Authorities in Azerbaijan have passed regulations easing certain restrictions that had been imposed in order to stem the spread of coronavirus disease (COVID-19) following a recent drop in disease activity. From 00:01 (local time) on Tuesday, September 8, the existing prohibition on travel into and out of the cities of Baku and Sumgayit, as well as the Absheron district is lifted. However, the new measure only permits residents to enter or leave these areas by privately-owned or other individually-operated vehicles; taxis will be allowed to transport passengers, but travel into and out of Baku, Sumgayit, and Absheron District via other modes of intercity and interregional mass transit, such as buses, remains banned indefinitely. Police are reportedly removing the checkpoints that were being used to enforce the restriction.
Other restrictions will remain in place until at least September 30. Under the measures, inter-regional travel remains restricted, public transport is not operational during weekends, and many nonessential businesses will remain closed. Land borders will also remain closed until at least September 30, and most passenger flights are suspended. Protective face masks are compulsory in public spaces, and gatherings of more than five people are prohibited. Many nonessential businesses remain closed.
As of September 8, there have been 37,418 confirmed cases of COVID-19 in Azerbaijan with 551 associated fatalities. Further international spread of the virus is to be expected in the near term.
The first case of COVID-19 was reported on December 31 and the source of the outbreak has been linked to a wet market in Wuhan (Hubei province, China). Since then, human-to-human transmission of the virus has been confirmed.
Cases of the virus have been confirmed in numerous countries and territories worldwide. On March 11, the World Health Organization (WHO) declared the global outbreak a pandemic. Virus-screening and quarantining measures are being implemented at airports worldwide, as well as extensive travel restrictions.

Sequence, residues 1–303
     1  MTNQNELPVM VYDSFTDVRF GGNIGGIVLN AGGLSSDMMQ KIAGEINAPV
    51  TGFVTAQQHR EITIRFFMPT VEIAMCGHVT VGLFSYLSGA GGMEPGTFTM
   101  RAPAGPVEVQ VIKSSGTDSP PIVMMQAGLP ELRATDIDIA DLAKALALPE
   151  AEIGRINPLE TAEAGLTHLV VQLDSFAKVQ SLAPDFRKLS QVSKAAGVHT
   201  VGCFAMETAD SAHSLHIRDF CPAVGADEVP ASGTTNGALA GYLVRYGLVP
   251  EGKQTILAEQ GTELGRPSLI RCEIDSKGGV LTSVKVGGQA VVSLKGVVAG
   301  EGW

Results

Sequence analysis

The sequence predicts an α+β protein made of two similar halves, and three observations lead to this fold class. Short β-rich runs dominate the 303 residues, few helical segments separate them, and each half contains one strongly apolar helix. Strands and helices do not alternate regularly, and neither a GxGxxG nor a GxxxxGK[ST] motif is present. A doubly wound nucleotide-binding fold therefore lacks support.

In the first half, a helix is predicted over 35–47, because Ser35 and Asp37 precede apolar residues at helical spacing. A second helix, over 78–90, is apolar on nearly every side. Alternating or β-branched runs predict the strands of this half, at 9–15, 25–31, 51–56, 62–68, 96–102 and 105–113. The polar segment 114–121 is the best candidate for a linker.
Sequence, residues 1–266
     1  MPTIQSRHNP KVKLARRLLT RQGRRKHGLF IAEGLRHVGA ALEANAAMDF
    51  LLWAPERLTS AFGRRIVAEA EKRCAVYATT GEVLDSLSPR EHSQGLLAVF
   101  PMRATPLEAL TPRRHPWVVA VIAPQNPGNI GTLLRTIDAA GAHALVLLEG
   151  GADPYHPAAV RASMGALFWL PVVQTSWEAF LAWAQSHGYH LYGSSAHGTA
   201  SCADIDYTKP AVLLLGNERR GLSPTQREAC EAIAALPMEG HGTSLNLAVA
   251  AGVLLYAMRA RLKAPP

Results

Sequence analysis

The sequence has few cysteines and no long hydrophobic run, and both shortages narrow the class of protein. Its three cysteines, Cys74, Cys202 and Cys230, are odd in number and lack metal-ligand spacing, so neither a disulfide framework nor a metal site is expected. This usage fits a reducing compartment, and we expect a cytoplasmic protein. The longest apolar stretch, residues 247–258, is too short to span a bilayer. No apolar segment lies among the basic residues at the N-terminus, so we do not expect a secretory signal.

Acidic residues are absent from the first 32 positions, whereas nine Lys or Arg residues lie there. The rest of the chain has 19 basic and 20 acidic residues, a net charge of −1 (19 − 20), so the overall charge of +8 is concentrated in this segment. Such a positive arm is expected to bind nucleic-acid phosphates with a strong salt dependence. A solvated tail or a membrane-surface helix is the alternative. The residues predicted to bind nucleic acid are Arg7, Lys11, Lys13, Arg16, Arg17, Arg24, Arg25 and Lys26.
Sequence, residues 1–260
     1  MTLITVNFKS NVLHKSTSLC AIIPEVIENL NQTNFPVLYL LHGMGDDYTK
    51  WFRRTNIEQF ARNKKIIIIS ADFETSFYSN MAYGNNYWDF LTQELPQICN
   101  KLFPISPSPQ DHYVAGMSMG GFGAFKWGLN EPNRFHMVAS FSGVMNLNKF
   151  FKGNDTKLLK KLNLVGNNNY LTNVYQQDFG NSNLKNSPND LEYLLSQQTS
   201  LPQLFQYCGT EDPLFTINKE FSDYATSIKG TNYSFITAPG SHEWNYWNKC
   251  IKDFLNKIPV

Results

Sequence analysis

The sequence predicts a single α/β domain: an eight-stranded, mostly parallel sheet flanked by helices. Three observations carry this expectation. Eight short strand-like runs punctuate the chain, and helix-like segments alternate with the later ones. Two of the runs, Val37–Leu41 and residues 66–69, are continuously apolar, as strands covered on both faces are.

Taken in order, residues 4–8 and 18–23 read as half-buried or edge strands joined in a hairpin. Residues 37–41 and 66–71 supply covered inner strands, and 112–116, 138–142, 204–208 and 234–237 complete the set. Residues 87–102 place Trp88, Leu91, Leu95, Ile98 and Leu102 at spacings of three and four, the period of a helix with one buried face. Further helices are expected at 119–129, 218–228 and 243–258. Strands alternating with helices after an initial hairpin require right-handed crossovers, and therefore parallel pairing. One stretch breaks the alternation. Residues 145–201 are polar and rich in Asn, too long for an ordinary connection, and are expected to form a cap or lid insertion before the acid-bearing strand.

The most common symptoms of COVID-19 are fever, dry cough, and tiredness. Some patients may experience other symptoms such as body pains, nasal congestion, headache, conjunctivitis, sore throat, diarrhea, loss of taste or smell or a rash on skin or discoloration of fingers or toes. These symptoms (in most cases mild) appear gradually. Generally, most patients (around 80 percent) recover from the disease without being hospitalized.
Measures adopted by local authorities evolve quickly and are usually effective immediately. Depending on the evolution of the outbreak in other countries, authorities are likely to modify, at very short notice, the list of countries whose travelers are subject to border control measures or entry restrictions upon their arrival to the territory in question. It is advised to postpone nonessential travel due to the risk that travelers may be refused entry or be subject to quarantine upon their arrival or during their stay.
To reduce the risk of COVID-19 transmission, travelers are advised to abide by the following measures:
- Frequently clean hands by applying an alcohol-based hand rub or washing with soap and water.
- When coughing and sneezing, cover mouth and nose with a flexed elbow or tissue; if used, throw the tissue away immediately and wash hands.
- If experiencing a fever, cough, difficulty breathing, or any other symptoms suggestive of respiratory illness, including pneumonia, call emergency services before going to the doctor or hospital to prevent the potential spread of the disease.
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